With all of these factors in mind it is important to consider who derives value in this process - are we dealing with diffuse or concentrated costs / benefits and how are they communicated? Who benefits from the development of AI from IoT data in a city context? Is all the power held in the hands of large business? What about citizens and local authorities, where do they stand and do they benefit, if so how? Being clear on the who derives value from an IoT solution can be challenging but should always be considered.
To achieve successful deployments in cities, there are a number of barriers to overcome. Generally speaking, our goal is to get to the point where IoT data gathered in cities is used to inform AI in reality. There are many elements in this journey that need to be successful to enable the generation of useful information, that can in turn be employed in a strategic way. There are many verticals in the advanced urban services sector seeking to leverage artificial intelligence (such as healthcare, critical infrastructure, and transportation), that are all facing similar challenges.
As an example, consider the deployment of 10 traffic counting sensors on lampposts in City X. Under this scenario, the physical sensors are manufactured by Company A, the edge computing software is provided by Company B, the centralised data management and hosting is performed by Company C, the lampposts are owned by the infrastructure department in City X, planning permission is granted by Local Authority Y and Politician Z makes decisions based on the analytics.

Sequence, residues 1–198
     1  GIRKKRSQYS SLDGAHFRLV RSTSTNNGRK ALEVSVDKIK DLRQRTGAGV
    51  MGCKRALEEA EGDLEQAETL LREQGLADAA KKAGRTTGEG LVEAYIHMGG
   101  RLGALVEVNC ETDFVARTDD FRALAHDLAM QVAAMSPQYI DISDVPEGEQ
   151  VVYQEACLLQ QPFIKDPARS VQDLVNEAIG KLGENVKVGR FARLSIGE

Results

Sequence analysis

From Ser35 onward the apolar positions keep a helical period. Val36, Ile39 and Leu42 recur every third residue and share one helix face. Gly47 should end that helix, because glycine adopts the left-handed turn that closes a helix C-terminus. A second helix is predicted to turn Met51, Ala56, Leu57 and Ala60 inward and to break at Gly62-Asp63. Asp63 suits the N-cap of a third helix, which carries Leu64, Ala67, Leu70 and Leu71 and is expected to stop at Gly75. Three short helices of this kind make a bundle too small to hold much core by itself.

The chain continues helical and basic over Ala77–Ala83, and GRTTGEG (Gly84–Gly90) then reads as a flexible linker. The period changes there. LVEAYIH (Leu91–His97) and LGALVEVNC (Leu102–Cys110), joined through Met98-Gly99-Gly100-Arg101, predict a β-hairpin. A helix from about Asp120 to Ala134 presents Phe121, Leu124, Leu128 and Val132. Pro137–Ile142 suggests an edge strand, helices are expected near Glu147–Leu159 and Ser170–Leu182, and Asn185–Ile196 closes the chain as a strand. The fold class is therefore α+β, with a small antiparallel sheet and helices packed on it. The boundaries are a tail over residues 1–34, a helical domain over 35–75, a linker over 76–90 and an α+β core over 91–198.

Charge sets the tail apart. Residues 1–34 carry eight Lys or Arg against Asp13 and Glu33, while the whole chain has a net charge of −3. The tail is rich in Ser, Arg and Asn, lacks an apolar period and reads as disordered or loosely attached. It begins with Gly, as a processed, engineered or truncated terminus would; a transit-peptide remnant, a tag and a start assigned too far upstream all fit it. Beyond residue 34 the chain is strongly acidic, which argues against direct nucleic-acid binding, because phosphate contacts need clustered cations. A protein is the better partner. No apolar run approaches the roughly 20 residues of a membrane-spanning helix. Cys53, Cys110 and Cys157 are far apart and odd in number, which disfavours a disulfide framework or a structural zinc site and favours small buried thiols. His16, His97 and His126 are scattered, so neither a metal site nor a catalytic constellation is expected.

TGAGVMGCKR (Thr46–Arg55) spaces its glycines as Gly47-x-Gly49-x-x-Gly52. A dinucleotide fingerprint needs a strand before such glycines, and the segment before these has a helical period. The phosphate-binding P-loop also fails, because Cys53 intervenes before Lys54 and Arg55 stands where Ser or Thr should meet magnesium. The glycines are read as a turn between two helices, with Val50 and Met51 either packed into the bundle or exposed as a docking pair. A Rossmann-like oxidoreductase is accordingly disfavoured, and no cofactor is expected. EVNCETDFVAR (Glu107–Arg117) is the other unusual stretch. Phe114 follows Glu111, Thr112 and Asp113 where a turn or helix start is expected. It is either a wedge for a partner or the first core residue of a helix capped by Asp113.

Even with the deployment of say, 10 traffic counting sensors, things can get complicated quickly. Getting to a successful deployment is likely to require consideration of a number of different factors. With these factors in mind, we would recommend considering the following principles when planning for an IoT enabled AI system.
Define a strategy and quantifying use-cases so that measurements can be planned, customised and considered in advance of deployment. Without this, the outputs are floods of raw data and making them useful in a business or other context can become challenging.